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Lightning only needs to strike once to cause considerable injury or death and no place outside is safe when thunderstorms are in the area.  More than half of all lightning victims are struck during recreational activities. 

Lighting striking mountains at night.
A thunderstorm during monsoon season provides vital, life-sustaining water to Coconino National Forest, Arizona, July 4, 2013. (USDA Forest Service photo by Mike Elson)

Lightning Safety Tips

There are precautions you can take.


  • Move immediately to safe shelter -- a building or inside a closed metal topped vehicle with the windows up -- when you hear thunder. Thunder means that lightning is nearby.

  • Stay sheltered until at least 30 minutes after you hear the last clap of thunder.

  • Stay low when outdoors – lightning hits the tallest object. Get off elevated areas such as hills, mountain ridges, or peaks. If caught in an open field, seek a low spot and crouch with your feet together and head low.

  • Stay away from objects that conduct electricity, such as barbed wire fences, power lines, windmills, and other tall objects.

  • Drop metal objects like golf clubs, fishing poles, umbrellas, and backpacks with metal frames. Wet items, such as ropes, also conduct electricity.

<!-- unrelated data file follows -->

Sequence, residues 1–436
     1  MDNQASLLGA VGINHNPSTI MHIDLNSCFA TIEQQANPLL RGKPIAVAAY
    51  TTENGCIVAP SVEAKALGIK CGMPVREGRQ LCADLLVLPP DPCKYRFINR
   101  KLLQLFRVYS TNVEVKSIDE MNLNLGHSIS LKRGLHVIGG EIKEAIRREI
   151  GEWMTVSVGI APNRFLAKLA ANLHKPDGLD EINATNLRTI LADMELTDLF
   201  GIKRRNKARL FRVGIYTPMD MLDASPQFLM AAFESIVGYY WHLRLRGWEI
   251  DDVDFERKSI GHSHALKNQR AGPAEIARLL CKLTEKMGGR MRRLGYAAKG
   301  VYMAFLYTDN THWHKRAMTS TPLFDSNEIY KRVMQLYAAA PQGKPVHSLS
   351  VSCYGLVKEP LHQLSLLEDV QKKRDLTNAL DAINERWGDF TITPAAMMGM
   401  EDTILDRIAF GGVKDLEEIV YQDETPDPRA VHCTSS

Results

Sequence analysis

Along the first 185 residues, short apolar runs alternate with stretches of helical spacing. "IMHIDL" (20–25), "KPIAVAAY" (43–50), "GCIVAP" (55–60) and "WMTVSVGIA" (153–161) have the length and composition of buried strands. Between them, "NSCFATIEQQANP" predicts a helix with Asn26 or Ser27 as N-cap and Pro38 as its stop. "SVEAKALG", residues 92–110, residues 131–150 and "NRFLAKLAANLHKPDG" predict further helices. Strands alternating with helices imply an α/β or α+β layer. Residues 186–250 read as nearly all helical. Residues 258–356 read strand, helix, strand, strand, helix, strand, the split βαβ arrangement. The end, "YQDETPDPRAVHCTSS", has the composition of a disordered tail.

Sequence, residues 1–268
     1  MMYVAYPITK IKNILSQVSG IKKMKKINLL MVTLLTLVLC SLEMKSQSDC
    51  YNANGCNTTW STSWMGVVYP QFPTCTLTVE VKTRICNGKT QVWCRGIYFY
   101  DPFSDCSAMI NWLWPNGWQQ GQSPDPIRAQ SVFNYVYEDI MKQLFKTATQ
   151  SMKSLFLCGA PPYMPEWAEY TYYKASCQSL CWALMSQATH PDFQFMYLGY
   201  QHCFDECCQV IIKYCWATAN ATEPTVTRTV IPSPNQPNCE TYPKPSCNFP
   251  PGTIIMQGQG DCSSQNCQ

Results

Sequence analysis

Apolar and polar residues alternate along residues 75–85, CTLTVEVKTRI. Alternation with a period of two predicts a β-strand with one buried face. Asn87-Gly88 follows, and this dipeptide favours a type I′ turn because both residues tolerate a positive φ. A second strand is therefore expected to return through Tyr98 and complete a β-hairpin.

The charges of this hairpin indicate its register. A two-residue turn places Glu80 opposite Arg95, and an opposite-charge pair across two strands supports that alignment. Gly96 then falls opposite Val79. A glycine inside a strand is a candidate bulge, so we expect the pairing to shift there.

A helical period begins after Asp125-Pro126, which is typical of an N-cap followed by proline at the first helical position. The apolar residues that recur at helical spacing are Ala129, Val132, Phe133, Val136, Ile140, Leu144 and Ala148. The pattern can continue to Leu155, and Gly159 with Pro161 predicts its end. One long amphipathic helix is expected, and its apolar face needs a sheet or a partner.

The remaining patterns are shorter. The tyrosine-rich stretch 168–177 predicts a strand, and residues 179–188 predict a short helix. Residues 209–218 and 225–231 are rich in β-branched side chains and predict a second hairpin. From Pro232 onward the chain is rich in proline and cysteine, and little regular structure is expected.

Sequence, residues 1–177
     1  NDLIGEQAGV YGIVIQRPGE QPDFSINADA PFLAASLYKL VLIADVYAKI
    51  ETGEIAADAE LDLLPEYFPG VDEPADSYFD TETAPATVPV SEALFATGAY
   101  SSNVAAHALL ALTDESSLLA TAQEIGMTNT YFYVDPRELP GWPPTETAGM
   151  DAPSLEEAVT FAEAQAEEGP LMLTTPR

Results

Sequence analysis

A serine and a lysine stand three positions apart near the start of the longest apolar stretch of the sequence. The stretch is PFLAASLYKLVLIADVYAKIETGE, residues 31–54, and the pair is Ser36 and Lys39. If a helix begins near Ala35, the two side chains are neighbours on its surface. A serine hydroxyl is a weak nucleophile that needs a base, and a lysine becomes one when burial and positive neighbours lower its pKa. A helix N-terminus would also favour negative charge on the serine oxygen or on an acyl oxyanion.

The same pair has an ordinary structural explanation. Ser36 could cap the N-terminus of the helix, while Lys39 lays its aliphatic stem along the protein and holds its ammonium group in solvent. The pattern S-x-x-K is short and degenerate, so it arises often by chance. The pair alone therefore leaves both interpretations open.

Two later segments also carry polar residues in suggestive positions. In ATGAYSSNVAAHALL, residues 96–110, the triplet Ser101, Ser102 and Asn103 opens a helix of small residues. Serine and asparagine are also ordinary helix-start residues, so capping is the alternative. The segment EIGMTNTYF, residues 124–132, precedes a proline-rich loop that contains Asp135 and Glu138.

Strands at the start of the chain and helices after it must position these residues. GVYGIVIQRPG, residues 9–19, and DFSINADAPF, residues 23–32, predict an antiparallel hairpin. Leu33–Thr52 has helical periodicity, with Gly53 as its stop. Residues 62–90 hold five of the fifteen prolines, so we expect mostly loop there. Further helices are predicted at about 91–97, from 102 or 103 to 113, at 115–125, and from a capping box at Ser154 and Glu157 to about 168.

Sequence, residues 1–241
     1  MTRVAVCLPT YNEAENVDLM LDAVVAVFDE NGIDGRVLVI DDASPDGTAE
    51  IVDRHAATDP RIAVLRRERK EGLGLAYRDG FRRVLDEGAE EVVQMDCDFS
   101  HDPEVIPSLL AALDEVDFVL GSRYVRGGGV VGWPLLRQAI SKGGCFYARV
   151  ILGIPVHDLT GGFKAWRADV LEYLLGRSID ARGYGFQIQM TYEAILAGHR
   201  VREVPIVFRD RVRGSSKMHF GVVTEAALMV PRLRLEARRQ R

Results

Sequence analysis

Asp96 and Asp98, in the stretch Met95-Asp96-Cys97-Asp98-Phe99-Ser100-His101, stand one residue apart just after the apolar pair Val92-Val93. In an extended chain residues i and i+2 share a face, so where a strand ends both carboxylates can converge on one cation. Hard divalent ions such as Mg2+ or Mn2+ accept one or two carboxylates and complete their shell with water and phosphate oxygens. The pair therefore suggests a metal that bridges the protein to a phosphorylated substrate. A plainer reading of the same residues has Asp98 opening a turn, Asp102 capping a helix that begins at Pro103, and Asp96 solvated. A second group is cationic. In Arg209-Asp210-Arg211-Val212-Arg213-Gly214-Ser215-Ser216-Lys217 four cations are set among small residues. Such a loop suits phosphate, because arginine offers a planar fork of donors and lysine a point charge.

• Get off bicycles, motorcycles, horses, and all-terrain vehicles.

  • Don't stay on lakes, ponds, and rivers. Seek shelter when a storm approaches. Boaters who cannot get off the water before the storm hits should crouch low in the boat. Once on land, get at least 100 yards away from shore.

  • Carry a NOAA radio or visit for weather updates. Remember that weather information is provided for a nearest city and not for a national forest or grassland.

  • It is safe to touch someone who has been struck by lightning. Attend to people who have been struck by lightning. Call for help immediately. Perform cardio-pulmonary resuscitation, if necessary, and stay with the victim until help arrives.


  • Don't pitch your tent near the tallest tree – lightning strikes tall objects.

  • Don't stand near isolated trees, on cliffs, ridge tops, or rocky overhangs. Run into the forest if possible. Caves are a last resort for shelter, as they have high risks, including falling hazards, rock falls, and cold, dark conditions.

  • Don't stand in open fields. If you are caught in an open field, seek a low spot. Crouch with your feet together and head low.

  • Don't sit or lie down – these positions provide much more contact with the ground, allowing a wider path for lightning to follow. If you are with a group and the threat of lightning is high, spread out at least 15 feet apart to minimize the chance of everybody getting hit.

  • Don't return to an open area too soon. People have been struck by lightning near the end of a storm, which is still a dangerous time. 

Sources: U.S. Forest Service and NOAA/National Weather Service

Remember: You are responsible for your safety and for the safety of those around you.